– Arianna Miorandi –
Mattia Cacciatori is a Ph.D. Researcher at the University of Bath, UK. His research lies at the crossroads of international relations and international law, and focuses on the role of the International Criminal Court (ICC) as a security agent. Mattia has written several pieces on the ICC for a variety of forums including Open Democracy, Justice Hub, Justice in Conflict and The Conversation. He is part of the editorial team of the only ICC focused journal ‘Eyes on the ICC’.
What does the International Criminal Court (ICC) do?
The International Criminal Court (ICC) is the result of a decade of preparations. With the experiences of UN-sponsored ad hoc tribunals in the 1990s under the belt, the Diplomatic Conference of Plenipotentiaries on the Establishment of an International Criminal Court (or Rome Conference) took finally place on July the 15th, 1998 in Rome, and led to the drafting of the Rome Statute, the underpinning treaty of the ICC. After the negotiations, the Rome Statute opened for signatures on the day of its adoption, July the 17th 1998, granting states with the possibility of signing until December the 31st 2000. With 139 states signing the Rome Statute, expectations for this new court rose. For the ICC to become internationally recognized as a working treaty, 60 signatures were required, threshold requirement which was met on April 11th, 2002, with the Democratic Republic of the Congo (DRC), Niger, Cambodia, Jordan, Mongolia, Bosnia and Herzegovina, Bulgaria, Romania, Slovakia, and Ireland signing the Treaty.
The mandate of the ICC has been seen by many as being the zenith of that institutional process that started in the wake of WWII with the creation of the Nuremberg and Tokyo tribunals. The Court should be, in the eyes of its supporters, the maximum expression of the fight against genocides, war crimes, and crimes against humanity.
The establishment of the Court has been an historical moment for several reasons but, perhaps more than others, the ICC is revolutionary on two aspects: first, the Court provided that the relic of immunity for serving heads of state should be lifted in contexts of the most serious crimes conceived by the humankind. Second, the request for cooperation with member states of the Rome Statute, more than a mere enforcing tools, constitutes a forum to promote and enforce basic human rights on a global scale, with states and organizations supposed to take up their responsibilities in this domain.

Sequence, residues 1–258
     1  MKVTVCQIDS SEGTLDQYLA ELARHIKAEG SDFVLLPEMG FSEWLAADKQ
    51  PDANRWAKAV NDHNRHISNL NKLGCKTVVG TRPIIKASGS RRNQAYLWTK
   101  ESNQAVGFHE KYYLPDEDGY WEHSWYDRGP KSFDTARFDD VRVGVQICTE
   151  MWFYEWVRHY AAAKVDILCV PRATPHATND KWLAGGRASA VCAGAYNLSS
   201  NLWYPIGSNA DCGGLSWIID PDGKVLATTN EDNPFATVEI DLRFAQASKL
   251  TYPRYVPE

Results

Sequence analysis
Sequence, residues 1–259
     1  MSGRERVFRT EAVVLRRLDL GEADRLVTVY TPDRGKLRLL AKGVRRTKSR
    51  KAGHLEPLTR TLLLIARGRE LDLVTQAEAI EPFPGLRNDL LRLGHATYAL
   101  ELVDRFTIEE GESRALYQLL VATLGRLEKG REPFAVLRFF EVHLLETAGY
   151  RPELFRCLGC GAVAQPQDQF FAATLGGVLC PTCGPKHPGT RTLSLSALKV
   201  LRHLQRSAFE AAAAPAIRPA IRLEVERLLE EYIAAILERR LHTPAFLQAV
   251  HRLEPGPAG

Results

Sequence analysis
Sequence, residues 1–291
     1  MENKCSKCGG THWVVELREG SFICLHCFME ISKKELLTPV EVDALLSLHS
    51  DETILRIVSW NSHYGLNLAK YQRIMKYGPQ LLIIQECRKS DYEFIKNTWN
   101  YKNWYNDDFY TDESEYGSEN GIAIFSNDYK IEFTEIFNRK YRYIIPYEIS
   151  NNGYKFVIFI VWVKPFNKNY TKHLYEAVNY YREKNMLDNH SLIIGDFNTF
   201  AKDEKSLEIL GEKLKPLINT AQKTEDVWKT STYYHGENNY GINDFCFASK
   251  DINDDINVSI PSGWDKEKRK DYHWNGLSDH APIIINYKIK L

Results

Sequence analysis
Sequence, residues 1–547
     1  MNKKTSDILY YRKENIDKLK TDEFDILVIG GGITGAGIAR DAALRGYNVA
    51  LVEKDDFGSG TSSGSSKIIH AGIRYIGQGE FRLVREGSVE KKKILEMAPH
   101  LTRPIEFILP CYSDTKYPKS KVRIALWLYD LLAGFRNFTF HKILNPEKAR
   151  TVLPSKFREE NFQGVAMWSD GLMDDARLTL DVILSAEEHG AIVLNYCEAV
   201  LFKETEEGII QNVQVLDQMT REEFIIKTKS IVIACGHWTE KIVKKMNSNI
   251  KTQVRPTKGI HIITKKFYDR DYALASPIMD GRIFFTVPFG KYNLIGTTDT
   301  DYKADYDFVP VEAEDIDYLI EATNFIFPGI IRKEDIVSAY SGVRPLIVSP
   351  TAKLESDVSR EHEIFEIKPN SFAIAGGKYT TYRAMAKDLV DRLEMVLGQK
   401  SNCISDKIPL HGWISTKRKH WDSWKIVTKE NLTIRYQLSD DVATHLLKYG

How effective is the ICC in serving justice?
The question is a difficult one, essentially because of the inherent problems in defining both effectiveness and justice. From a mere pragmatic approach, in almost 15 years of operations the ICC has opened 9 investigations in 8 countries, issued warrants of arrest for roughly 20 people and only 5 of those are currently held in custody of the Court, in the Dutch prison of Scheveningen. This latter number is definitely not an impressive one. However one has to acknowledge the enormous task of the Court and the fact that, despite the fact that more than 10 years passed since the establishment of the Court, institutional revolutions are not a quick thing.
My view of justice isn’t however limited to the imprisoning of criminals. The ICC has the explicit mandate to sustain democratization by establishing the rule of law, and promoting an idea of global justice that challenges traditional accounts of sovereignty. In these two respects, I believe, lies the core of the discussion. The questions for me then should be: is the ICC actually promoting democracy? And, is the ICC eroding the idea that states should be allowed to do whatever they want within their boundaries?
While the creation of the ICC per se follows these principles, the practices of the Court in recent years demonstrate a problem in delivering on these aims. In Sudan and Kenya, a progressive marginalization of political contestation and the harshening of governmental grip of NGOs were justified by the Al Bashir and Kenyatta governments precisely because of ICC actions. Narratives of neo-imperialism dominated the resistance offered by the two governments to the Court, and eventually encouraged authoritarian practices.